The Persian War

From the Story

“Young ‘un, I’d like you to tell me about the War and the Zone. I know we don’t talk about such things, but I’ve heard so many whispers, and I want to hear the truth, not folk’s thoughts.”

“Well, I–”

“And no one needs to know I asked.”

“I am sworn to privacy, sir,” he said, thinking back to his graduation oath in Fakenham market, which now seemed long ago and far away.  He readied himself. “<What we call the War was a short episode in a much longer conflict between the Persian Empire and neighbouring states. In mid-21st Century the Empire was threatening Israel in the west, India in the east, Russia in the north and Arabia in the south. It is not clear who resorted to the use of nuclear weapons first, but the exchange was limited and tactical, and fighting continued. However, the Empire was now critically weakened and surrounded by united enemies. Sensing defeat abroad and revolt at home, the leadership apparently decided to strike out while they still could and try to unite their citizenry behind a Holy War. They used their few strategic weapons to hit capital cities in Western Europe, Israel and India, but the target they hit farthest away was London>.”

The Gaffer spat over the side of the boat at the forbidden name. “Go on, son.”

“<The warhead struck Brixton in inner London and is estimated to have killed approximately 100,000 people immediately through heat and blast. However, it is estimated that almost double that number subsequently died from their injuries or were simply never recovered from the burning rubble. China moved to protect her remaining European assets, and the United Nations’ forces retaliated, levelling every major city in the New Persian Empire; casualties were estimated to be between one and two hundred million. The Persian weapon that hit London was a relatively crude atomic device that exploded on impact with the ground. This resulted in a great deal of localised radioactive fallout, on a strangely windless day, and the probable deaths of another million people over the next thirty years due to related illnesses.>  <Download from the Stone>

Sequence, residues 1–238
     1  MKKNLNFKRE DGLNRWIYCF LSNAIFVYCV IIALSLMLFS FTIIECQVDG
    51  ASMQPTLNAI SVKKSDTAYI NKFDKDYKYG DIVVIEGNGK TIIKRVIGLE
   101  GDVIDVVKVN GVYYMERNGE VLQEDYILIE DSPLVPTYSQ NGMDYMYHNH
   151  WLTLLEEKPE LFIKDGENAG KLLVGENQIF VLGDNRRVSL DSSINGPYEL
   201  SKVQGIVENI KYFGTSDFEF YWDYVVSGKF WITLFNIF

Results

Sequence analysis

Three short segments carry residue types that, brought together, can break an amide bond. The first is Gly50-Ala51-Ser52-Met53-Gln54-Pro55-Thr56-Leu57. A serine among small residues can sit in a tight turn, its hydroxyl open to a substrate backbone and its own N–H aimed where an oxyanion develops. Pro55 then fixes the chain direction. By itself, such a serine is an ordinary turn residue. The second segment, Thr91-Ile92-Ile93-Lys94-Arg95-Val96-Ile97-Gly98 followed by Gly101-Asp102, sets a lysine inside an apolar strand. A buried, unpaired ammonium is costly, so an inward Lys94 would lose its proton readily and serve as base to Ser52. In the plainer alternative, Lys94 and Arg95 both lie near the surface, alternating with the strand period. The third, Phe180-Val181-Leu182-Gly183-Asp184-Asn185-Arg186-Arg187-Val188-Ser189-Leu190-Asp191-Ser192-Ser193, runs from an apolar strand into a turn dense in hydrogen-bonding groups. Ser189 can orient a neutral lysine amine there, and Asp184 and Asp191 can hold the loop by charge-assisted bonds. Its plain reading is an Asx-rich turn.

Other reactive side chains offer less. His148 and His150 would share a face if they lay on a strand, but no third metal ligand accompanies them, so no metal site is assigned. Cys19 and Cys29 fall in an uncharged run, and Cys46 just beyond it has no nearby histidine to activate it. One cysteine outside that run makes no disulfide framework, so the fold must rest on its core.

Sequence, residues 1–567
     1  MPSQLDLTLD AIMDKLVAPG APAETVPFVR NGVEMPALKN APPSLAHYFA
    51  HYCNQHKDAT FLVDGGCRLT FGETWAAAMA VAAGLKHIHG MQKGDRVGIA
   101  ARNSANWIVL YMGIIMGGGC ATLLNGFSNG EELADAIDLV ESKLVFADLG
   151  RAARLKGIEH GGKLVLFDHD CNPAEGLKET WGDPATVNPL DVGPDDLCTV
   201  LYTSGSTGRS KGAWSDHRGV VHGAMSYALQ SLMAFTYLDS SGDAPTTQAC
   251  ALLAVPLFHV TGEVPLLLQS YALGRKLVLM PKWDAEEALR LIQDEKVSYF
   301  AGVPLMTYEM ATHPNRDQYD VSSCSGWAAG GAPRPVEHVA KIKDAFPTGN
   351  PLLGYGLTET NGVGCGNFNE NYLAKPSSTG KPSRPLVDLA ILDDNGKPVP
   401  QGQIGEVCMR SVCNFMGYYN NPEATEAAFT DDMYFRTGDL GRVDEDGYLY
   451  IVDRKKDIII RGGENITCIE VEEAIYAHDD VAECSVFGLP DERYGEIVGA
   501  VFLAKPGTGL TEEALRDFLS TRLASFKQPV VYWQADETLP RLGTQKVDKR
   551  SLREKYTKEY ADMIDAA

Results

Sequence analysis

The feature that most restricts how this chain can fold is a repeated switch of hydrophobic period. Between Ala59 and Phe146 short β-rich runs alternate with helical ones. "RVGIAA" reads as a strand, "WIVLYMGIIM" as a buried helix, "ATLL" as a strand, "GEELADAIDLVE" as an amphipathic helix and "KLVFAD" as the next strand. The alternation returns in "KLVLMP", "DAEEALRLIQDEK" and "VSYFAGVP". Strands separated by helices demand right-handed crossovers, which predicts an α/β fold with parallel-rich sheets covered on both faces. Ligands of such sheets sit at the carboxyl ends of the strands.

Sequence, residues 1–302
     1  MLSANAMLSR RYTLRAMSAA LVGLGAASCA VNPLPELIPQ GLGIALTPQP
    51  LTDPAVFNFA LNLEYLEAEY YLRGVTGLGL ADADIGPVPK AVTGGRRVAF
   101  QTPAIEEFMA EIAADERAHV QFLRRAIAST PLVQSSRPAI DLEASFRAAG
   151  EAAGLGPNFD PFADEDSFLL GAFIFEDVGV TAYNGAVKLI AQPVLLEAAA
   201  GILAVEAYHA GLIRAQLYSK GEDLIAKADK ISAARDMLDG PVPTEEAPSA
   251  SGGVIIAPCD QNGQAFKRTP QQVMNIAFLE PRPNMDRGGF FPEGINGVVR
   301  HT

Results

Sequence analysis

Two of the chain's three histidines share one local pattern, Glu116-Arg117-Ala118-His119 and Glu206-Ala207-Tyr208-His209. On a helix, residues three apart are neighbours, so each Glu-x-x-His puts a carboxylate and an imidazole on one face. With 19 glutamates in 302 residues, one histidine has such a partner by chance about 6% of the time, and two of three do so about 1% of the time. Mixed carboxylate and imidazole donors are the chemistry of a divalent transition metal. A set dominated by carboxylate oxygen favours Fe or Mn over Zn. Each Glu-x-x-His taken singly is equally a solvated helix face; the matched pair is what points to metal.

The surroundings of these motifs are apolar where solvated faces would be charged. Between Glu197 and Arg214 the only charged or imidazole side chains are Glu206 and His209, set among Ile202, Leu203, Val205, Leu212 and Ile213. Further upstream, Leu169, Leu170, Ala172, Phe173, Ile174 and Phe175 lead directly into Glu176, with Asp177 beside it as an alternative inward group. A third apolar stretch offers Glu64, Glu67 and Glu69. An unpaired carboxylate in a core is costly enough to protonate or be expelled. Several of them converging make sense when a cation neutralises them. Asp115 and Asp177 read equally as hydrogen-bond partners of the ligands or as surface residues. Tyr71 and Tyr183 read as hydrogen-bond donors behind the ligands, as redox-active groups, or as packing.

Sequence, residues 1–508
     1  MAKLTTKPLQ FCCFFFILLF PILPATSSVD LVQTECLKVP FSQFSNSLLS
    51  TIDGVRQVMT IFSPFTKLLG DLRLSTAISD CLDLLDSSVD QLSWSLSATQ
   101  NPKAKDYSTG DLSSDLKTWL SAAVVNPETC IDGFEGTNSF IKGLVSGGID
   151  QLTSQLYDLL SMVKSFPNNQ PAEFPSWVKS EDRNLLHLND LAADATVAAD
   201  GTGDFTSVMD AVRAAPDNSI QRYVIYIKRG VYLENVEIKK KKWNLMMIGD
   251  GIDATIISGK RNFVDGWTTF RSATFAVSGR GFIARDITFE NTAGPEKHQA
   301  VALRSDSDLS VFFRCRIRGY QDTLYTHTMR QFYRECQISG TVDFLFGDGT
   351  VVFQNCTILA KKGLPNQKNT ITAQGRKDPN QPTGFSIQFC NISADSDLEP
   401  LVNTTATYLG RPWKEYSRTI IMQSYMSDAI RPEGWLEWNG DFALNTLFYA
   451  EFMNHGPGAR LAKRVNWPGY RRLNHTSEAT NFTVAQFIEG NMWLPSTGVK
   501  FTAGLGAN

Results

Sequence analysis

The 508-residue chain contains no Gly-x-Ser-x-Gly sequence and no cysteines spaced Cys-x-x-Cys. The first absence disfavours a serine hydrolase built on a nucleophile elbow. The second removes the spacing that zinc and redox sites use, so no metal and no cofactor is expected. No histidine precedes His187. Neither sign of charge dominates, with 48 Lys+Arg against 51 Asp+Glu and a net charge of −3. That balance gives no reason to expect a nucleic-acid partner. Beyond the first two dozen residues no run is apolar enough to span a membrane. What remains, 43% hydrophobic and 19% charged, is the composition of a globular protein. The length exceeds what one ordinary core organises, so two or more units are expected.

London, Nuke, Nuclear, Explosion, Persian War, Misput Fealties
The Nuclear Strike on London

Modelling

Modelling is from the ‘Nukemap’ page of NuclearSecrecy.com (link at bottom of this page).

  • Estimated fatalities: 116,320
  • Estimated injuries: 282,370
  • In any given 24-hour period, there are approximately 912,652 people in the 1 psi range of the detonation.

Modelling casualties from a nuclear attack is difficult. These numbers should be seen as evocative, not definitive. Fallout effects are ignored.

Effects radii for 100 kiloton surface burst (smallest to largest):

  1. Fireball radius: 500 m (0.79 km²) [yellow circle].  The maximum size of the nuclear fireball; if it touches the ground, the amount of radioactive fallout significantly increases.
  2. Air blast radius (20 pounds per square inch (psi)): 1.01 km (3.21 km²) [inner blue circle].  A 20 psi overpressure severely damages or demolishes even heavily built concrete buildings; fatalities approach 100%.
  3. Radiation radius (500 rem): 1.82 km (10.5 km²) [green circle].  A 500-rem radiation dose, without medical treatment, will cause between 50% and 90% mortality from acute effects alone.
  4. Air blast radius (5 psi): 2.12 km (14.2 km²) [purple circle].  At 5 psi overpressure, most residential buildings collapse, injuries are universal and fatalities are widespread.
  5. Thermal radiation radius (3rd degree burns): 3.9 km (47.9 km²) [orange circle].  Third-degree burns extend throughout the layers of skin and are often painless because they destroy the pain nerves.
  6. Air blast radius (1 psi): 5.46 km (93.7 km²) [outer blue circle].  At around 1 psi overpressure, glass windows can be expected to break. This can cause many injuries in a surrounding population who comes to a window after seeing the flash of a nuclear explosion (which travels faster than the pressure wave).

Acknowledgement: Modelling by the historian, Professor Allex Wellerstein. To see the unedited source data click here.